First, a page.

Sweet Success

– Posted in: Garden Design

GooseberryJuly definitely isn’t one of my favorite months. It’s hot, and it’s humid. It’s bone dry, or else we get wicked thunderstorms. There are weeds, and leaf spots, and Japanese beetles. But, it’s not all bad: In fact, it’s prime time for grazing through the garden. Not being much of a cook, I’m a big fan of stuff that I can eat right off the plant—no peeling, chopping, mixing, or heating involved. And I’m particularly fond of the sweet treats: the fruits that are in prime form for picking right about now.

June usually gets the credit for the best strawberries, and yes, the fruits were good then, even if the berries were a little small because of the dry weather we had this spring. The great thing about ‘Tristar’, though, is that it keeps bearing fruit through the rest of the growing season, as long as we get some rain. There’s not a lot of fruit at any one time, but finding a half-dozen berries a day perfectly fits my needs. The ‘Golden Alexandria’ alpine strawberries I started from seed (from Chiltern Seeds) last year are bearing now, too, but the tiny red berries are so pretty with the golden foliage that I can’t bear to pick them. It looks like the ‘Yellow Wonder’ alpines that I sowed indoors in early March and set out in mid-May will be in fruit in a week or two, so I can pick from those instead. I had started the “regular” strawberries ‘Sarian’ (from Johnny’s Selected Seeds) and ‘Temptation’ (from Chiltern) from seed at the same time, and they too are flowering and setting fruit now. Strawberries as annuals—who knew? I may end up enjoying even more strawberries in August than I did in June!

Red currantSome of my favorite tree and bush fruits for picking now are left over from June, such as the ‘Surefire’ cherries. I remember them being tasty fairly early in previous years, but this June, they didn’t have much flavor, so left them for the birds. They didn’t want them either, though, so they just hung there for several weeks, and now that they’re just about over-ripe, they’re terrific. The ‘Jonkheer van Tets’ red currants are still good, too. Every year, I’m anxious to sample them as soon as they color up in early June, but I’ve learned to leave them until mid-June, at least, so they sweeten up before sampling. My oldest plant was really loaded with fruit this year, so I’ve been enjoying a handful or two every evening for several weeks now, and there is still some left. The ‘Primus’ white currant I bought last year fruited for the first time this summer, and I think I like it even better than the reds. The long chains (technically, “strigs”) of pale, translucent berries just keep getting better the longer they hang there, although I’ve noticed that a few of them are starting to wither, so I suppose I should finish picking soon.

The gooseberries have been a great treat, too. I can see why ‘Invicta’ is considered one of the best: The pale green berries were large and sweet, something like a tart grape with a bit of a kick. They sure didn’t look promising when they first formed, because they were so bristly that I was hesitant to even touch them, but the hairs were hardly noticeable by harvest time. They finished bearing around the first of July, and right after that, the ‘Hinnomaki Red’ berries suddenly colored up. Not knowing what to expect from these new plants, I had been sampling them occasionally since mid-June and wasn’t impressed. But now that they’ve turned a rich, deep red, they are a real treat. You’d think I’d have realized from the name that they needed to turn red to be ripe. I expect to be enjoying them for another two weeks or so, and I definitely plan to buy more for next year. (I’ve gotten almost all of my fruiting plants from Raintree Nursery and had tremendous success with them.)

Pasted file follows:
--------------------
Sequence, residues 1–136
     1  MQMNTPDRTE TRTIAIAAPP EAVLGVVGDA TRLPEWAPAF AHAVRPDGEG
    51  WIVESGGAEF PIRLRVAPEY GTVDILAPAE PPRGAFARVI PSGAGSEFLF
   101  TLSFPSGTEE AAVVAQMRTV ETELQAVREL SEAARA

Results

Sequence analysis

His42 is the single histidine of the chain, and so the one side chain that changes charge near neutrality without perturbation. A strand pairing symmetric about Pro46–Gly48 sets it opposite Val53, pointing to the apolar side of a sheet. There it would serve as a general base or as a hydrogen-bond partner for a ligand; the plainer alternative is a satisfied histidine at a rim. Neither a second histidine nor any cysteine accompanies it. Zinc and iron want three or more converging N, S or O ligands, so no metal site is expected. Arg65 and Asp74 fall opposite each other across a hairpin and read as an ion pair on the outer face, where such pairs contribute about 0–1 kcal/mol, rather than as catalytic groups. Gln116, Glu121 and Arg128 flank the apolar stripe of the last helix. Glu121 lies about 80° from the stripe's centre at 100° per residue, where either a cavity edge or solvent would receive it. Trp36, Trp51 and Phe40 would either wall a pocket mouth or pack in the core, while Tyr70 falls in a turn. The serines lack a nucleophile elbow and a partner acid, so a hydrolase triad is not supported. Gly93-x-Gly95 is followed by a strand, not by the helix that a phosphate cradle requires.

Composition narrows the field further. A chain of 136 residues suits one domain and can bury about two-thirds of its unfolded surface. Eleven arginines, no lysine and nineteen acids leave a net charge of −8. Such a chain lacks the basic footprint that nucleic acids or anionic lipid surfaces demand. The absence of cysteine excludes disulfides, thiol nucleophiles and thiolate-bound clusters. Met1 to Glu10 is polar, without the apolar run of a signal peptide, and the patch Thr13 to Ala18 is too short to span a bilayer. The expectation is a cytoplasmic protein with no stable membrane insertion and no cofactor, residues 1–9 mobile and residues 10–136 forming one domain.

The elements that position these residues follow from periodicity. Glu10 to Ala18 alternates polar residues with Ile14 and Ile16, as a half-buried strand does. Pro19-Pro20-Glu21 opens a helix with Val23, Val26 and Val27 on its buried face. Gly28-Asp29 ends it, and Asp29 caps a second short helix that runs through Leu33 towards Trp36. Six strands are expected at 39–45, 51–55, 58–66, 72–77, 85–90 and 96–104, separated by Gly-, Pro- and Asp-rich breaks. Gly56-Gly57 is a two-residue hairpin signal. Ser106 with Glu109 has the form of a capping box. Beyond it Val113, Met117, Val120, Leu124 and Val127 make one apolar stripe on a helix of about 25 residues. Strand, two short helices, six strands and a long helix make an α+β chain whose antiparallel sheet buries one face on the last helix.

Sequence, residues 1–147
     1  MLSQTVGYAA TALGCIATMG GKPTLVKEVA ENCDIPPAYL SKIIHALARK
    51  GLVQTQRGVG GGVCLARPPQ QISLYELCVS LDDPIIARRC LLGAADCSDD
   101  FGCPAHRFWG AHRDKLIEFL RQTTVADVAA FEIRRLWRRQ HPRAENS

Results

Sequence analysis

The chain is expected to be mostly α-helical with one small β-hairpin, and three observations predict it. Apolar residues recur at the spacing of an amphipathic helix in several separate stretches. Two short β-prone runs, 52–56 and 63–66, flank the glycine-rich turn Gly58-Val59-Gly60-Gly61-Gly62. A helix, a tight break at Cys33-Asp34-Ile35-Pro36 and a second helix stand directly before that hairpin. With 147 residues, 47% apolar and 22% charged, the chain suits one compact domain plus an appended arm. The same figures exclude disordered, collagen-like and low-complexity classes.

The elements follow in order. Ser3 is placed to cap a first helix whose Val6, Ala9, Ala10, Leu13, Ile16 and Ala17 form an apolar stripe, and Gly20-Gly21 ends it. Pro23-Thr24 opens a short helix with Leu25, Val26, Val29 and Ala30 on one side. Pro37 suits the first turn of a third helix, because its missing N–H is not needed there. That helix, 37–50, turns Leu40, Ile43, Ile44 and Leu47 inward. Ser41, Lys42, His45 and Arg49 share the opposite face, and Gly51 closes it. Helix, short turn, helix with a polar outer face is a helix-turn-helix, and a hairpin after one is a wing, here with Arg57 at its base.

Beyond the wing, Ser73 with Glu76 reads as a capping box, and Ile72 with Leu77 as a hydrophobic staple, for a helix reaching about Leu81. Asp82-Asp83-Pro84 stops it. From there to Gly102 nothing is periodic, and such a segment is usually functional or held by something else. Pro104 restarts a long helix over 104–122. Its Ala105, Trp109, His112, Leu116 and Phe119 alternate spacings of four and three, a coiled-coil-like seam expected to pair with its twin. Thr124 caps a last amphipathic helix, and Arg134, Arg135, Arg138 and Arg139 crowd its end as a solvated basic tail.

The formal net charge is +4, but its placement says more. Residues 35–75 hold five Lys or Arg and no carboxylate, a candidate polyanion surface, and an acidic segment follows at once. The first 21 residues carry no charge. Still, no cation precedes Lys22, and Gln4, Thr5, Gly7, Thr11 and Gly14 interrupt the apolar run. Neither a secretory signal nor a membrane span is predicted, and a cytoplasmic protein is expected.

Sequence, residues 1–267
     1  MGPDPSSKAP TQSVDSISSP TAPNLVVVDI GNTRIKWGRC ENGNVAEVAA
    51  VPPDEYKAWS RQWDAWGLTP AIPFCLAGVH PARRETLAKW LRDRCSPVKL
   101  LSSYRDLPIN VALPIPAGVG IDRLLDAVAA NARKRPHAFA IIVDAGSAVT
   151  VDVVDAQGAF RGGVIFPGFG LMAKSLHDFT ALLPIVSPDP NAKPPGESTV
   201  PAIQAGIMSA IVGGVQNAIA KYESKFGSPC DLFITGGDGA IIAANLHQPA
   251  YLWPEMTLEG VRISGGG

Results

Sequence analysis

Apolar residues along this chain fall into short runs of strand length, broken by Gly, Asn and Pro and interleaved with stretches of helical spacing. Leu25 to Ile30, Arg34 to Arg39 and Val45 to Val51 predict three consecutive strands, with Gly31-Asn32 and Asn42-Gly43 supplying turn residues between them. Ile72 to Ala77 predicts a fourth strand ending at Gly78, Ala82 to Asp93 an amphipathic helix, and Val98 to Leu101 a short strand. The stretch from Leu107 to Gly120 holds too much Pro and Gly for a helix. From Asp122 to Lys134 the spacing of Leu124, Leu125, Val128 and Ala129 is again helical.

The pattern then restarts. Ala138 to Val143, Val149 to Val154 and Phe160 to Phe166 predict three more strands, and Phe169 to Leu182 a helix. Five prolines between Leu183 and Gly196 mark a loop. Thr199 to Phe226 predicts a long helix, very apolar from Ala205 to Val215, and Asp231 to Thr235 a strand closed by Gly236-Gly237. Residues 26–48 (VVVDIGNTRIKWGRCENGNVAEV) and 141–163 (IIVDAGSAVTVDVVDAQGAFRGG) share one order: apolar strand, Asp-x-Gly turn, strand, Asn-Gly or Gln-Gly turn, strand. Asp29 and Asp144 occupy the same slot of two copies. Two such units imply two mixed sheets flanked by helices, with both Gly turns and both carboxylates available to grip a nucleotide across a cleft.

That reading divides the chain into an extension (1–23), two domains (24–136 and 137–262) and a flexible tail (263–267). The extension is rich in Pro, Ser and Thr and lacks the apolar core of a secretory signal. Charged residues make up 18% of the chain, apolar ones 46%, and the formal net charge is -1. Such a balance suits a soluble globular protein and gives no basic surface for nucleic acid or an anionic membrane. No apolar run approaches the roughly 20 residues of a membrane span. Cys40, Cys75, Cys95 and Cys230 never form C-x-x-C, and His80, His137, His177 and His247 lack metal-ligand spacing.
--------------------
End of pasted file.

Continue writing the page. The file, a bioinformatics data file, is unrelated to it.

White currantSpace isn’t an issue in my garden, but if I had to limit myself, I’d choose the ‘Primus’ currants first, because their flavor is exceptional and the shrub is good-looking, too. The ‘Invicta’ gooseberry would be a close second—it tastes as good or even better, but in my southeastern PA garden, at least, gooseberries drop all of their leaves by late July. As much as I appreciate their fruits, I have to think that their bare, thorny stems aren’t especially attractive. If you’re selecting currants or gooseberries for snacking in your own garden, read the descriptions carefully to find those that are recommended for eating fresh or as “dessert” types. If you see only “for pies or preserves,” they’re probably not going to be sweet enough for enjoyable grazing. Also, be aware that some areas still have restrictions on growing these fruits because they are an alternate host for white pine blister rust. You should be able to find out from your local Cooperative Extension Service office if it’s ok to buy and plant them where you live.

Nancy J. Ondra
Nan gardens on 4 acres in Bucks County, Pennsylvania. In the firm belief that every garden ought to have a pretentious-sounding (or at least pretentious-looking) name, she refers to her home grounds as "Hayefield." There, she experiments with a wide variety of plants and planting styles, from cottage gardens and color-based borders to managed meadows, naturalistic plantings, and veggies--all under the watchful eyes of her two pet alpacas, Daniel and Duncan.
Nancy J. Ondra

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